Wastewater treatment plans move ahead despite backlash in West Indy
A fight over zoning has devolved into debates over odor, water quality, and the impact of another wastewater treatment plant in the area on nearby residents.Read More
With official reporting of COVID-19 cases and testing data becoming less frequent and less reliable, especially as people test at home, sewage monitoring has gained increasing importance.
The City-County Council’s public works committee voted unanimously Thursday night to move a proposal forward that would establish a so-called “flood control improvement district” in the Warfleigh neighborhood, plus parts of Broad Ripple and near Butler University.
State regulators approved a 30 percent increase from Citizens in 2016. The utility now says it needs to raise rates to continue funding its massive DigIndy tunnel system project.
Citizens Energy gave an update Monday on the the massive, $2 billion project, which involves a network of tunnels hundreds of feet under the city to handle sewage that would otherwise spill into local waterways.
Citizens Energy Group said crews are “conducting rapid inspections of all downtown sewer infrastructure to identify potential issues” after problems below the surface forced closures of two intersections this month.
A busy downtown intersection could remain closed through the weekend while crews repair a sinkhole that developed there Wednesday, Citizens Energy Group said Thursday afternoon.
The project will close the two streets just north of Fall Creek Parkway, as part of Citizens Energy’s $2 billion project to improve waterways.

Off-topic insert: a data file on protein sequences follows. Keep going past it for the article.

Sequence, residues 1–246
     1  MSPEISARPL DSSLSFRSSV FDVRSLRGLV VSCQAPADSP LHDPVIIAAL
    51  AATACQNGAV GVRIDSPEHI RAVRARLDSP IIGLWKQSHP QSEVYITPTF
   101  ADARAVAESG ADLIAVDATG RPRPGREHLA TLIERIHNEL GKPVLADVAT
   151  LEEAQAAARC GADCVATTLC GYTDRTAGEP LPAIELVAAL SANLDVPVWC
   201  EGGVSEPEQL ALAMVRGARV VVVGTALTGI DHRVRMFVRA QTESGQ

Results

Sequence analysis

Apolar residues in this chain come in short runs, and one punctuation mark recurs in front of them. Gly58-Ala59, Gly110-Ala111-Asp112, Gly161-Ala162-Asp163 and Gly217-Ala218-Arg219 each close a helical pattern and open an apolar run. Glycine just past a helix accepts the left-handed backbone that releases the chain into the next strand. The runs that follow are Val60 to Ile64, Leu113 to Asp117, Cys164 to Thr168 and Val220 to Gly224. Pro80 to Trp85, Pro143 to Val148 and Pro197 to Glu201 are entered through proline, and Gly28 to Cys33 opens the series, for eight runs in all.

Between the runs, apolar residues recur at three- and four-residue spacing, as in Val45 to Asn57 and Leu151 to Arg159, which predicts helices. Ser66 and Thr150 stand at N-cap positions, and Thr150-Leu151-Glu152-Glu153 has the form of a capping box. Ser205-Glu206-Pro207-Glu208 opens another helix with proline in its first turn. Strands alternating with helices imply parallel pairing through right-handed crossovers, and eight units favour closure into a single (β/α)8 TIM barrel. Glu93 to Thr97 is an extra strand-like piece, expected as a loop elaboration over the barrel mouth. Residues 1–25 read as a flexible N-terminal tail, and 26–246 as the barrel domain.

In a lawsuit filed in Marion Superior Court, Whitestown is suing the wastewater division of Citizens Energy Group for breach of contract and is seeking a refund for connection fees.
Citizens Energy Group says it plans to hire a “vast majority” of the 180 workers at two local wastewater-treatment plants after Suez Water Indiana LLC loses its contract to manage the facilities.
Indianapolis-area residents will see their monthly sewer rates increase by 30 percent over the next year after state regulators approved a plan Tuesday to fund improvements to the aging system.
The utility’s ad campaign comes as state regulators are considering Citizens’ request to raise water and sewer rates by double-digit percentages on about 400,000 customers.
Indianapolis-area residents would see their sewer rates rise by about $8.50 a month this year and another $2.50 a month next year under a settlement announced Thursday.
A small utility cooperative’s plan aims to help spur development in unserved areas between Greenfield and Fortville.
With only moderate fanfare, contractors recently finished boring the first, roughly nine-mile leg of the DigIndy project, the largest public works project in the state.
The Clay Township Regional Waste District has made a $106,800 offer to King of Glory Church to buy land for the above-ground tank, which would be the size of a one-story McMansion.